The Outer Banks (OBX). Just saying the name fosters visions of wide beaches, sand dunes, huge beach homes, world-class fishing, and the well-earned nickname “Graveyard of the Atlantic.”  

outer banks fishing
Patrick Meyers holding his first sailfish. Photo by Jim Meyers

Ron, my buddy, and I started fishing the Outer Banks back in the late 1980s on our 28-foot center console. It was a different world back then as we were one of only a handful of small boats that would venture out of Hatteras Inlet during the cold and windy winter months.

Inexperienced in both deep-sea fishing and running the Hatteras Inlet, we would ask questions of anyone who would listen, trying to expand our knowledge (and come back alive). It was on our very first trip we heard some wise advice from a group of commercial fishermen who were sitting around the table (at a now defunct bait store) sipping coffee, that stuck with us the rest of our fishing days. 

As the wind was howling that morning, we asked if it was too rough to take our little boat out to the fishing grounds. After a few more sips of coffee, while eyeing us up, they told us to watch the charter fleet of 50- to 60-foot sportfishermen heading out the inlet. If those boats, with their flying bridges, disappeared in the wave troughs, it might be a day better spent in port. Listening further they shared their contempt for accurate weather predictions, as in their words, “the weathermen live in Raleigh!” Seems incredulous that a 50-footer would disappear from sight due to waves? Fish the OBX in January and you will become a believer. We followed their advice and only ran into serious difficulty less than a dozen times in the years to come.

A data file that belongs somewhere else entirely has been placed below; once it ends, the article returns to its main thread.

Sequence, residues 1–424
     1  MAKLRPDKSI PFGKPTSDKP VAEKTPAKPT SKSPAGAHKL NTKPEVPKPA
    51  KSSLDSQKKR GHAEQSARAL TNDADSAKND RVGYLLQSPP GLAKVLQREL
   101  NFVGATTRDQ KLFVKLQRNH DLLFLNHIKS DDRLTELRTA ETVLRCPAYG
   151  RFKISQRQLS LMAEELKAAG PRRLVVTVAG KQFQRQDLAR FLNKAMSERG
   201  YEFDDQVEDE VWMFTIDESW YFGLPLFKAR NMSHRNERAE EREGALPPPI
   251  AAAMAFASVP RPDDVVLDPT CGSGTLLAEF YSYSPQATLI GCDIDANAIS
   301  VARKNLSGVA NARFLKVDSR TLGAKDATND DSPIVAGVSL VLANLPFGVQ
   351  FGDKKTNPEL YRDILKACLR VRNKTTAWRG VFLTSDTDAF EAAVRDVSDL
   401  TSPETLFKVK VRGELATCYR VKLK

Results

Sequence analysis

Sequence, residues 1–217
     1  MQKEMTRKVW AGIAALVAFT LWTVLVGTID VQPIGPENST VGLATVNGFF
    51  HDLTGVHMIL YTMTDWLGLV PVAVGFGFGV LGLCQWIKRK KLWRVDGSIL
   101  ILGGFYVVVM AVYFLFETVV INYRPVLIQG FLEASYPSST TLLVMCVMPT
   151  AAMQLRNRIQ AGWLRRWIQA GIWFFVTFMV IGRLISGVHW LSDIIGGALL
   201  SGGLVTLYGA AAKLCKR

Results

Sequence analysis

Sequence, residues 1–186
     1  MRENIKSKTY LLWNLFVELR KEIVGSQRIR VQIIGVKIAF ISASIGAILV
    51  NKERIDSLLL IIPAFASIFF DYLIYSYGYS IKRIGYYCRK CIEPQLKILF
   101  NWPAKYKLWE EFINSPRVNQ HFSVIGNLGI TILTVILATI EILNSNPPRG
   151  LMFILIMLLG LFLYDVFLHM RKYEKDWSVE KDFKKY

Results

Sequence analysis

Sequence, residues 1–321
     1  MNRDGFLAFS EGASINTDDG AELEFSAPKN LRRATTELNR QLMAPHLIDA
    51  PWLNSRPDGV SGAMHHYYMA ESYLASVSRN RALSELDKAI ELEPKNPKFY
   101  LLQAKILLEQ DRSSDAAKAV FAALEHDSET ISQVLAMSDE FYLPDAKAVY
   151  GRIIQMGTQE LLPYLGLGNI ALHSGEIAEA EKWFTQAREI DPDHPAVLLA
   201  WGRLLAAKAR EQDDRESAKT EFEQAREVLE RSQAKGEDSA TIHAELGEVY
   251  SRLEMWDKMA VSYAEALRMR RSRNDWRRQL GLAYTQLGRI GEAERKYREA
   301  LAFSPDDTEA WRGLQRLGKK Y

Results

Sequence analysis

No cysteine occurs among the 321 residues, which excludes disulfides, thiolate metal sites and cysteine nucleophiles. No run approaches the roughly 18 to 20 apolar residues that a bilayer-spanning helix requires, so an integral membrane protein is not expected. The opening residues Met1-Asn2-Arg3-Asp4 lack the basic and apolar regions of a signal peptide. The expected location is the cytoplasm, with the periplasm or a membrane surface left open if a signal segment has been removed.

The Outer Banks truly is a spectacular year-round fishery, and if you heed the advice we learned years ago, you might enjoy some world class fishing without risking your life. A brief glance at the charts illustrates a long, fragile barrier island jutting far out into the Atlantic, home to strong currents and very large waves, the result of strong winds and two major ocean currents which collide at the cape. The warm Gulf Stream from the south meets the cold Labrador current from the north with the resulting currents bringing baitfish and attracting both large predator fish and fishermen from all over the world.